Metabolomics is defined as the non-targeted detection and quantification of small molecules (metabolites) in biological materials (e.g. plasma/urine/tissue/plant/microbial extracts). The resulting metabolite profiles reflect the actual cellular condition and provide useful indicators (biomarkers) of abnormalities/health, consequences of genetic engineering and adaptations to test compounds (e.g. drugs) or environmental factors, as well as a means of discovering new biomolecules (bioprospecting) and monitoring food quality.
Metabolomics requires reliable sampling and precise capture of thousands of metabolites from the biological sample of interest. The utilisation of a variety of complementary analytical platforms is crucial for identifying and quantifying the large numbers of chemically diverse primary and secondary metabolites typically found in biological samples.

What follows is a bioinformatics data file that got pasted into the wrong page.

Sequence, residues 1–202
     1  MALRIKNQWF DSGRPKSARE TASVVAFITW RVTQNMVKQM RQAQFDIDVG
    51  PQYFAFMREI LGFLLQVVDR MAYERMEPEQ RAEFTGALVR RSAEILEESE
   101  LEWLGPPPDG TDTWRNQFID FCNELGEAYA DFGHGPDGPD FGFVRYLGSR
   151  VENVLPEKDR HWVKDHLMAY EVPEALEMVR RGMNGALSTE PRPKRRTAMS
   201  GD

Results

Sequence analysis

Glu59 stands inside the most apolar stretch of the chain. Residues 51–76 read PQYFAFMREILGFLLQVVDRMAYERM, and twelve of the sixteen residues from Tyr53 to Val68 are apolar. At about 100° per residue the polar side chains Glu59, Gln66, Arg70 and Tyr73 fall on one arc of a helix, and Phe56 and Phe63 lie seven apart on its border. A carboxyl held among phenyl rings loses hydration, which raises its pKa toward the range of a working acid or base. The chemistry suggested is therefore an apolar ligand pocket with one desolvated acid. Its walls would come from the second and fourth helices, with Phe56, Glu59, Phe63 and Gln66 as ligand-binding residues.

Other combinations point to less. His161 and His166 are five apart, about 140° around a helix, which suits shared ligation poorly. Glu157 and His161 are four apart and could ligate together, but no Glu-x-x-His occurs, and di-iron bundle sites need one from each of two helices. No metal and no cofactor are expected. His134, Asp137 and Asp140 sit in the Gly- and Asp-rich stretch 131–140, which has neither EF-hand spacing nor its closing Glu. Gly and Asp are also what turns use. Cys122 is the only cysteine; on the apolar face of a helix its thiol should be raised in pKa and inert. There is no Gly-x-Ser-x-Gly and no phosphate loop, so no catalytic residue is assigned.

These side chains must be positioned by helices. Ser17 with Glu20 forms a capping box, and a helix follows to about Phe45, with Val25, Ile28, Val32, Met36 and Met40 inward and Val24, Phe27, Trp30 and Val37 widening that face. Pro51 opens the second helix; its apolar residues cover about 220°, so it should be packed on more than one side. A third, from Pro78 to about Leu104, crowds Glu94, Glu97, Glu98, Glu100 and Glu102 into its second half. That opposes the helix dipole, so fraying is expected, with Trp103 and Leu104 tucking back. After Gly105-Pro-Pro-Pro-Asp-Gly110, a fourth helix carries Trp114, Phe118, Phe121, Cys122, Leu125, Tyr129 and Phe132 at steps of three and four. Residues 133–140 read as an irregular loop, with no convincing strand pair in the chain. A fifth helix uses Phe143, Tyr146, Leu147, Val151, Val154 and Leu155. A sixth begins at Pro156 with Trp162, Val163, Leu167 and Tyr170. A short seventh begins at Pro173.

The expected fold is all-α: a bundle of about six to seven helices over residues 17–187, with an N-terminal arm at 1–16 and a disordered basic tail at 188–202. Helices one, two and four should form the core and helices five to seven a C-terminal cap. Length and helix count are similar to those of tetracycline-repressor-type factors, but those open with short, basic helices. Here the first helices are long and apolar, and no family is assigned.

Finally, it requires appropriate informatics for data extraction, mining and interpretation of the obtained information. The most commonly used platforms for the detection and measurement of metabolites involves the use of gas chromatography (GC), liquid chromatography (LC), or capillary electrophoresis (CE) coupled with mass spectrometry (MS).
Compounds may also be measured directly without chromatographic separation by, for example, fourier- transform ion cyclotron resonance mass spectrometry (FT-ICR-MS) and nuclear magnetic resonance spectroscopy (NMR).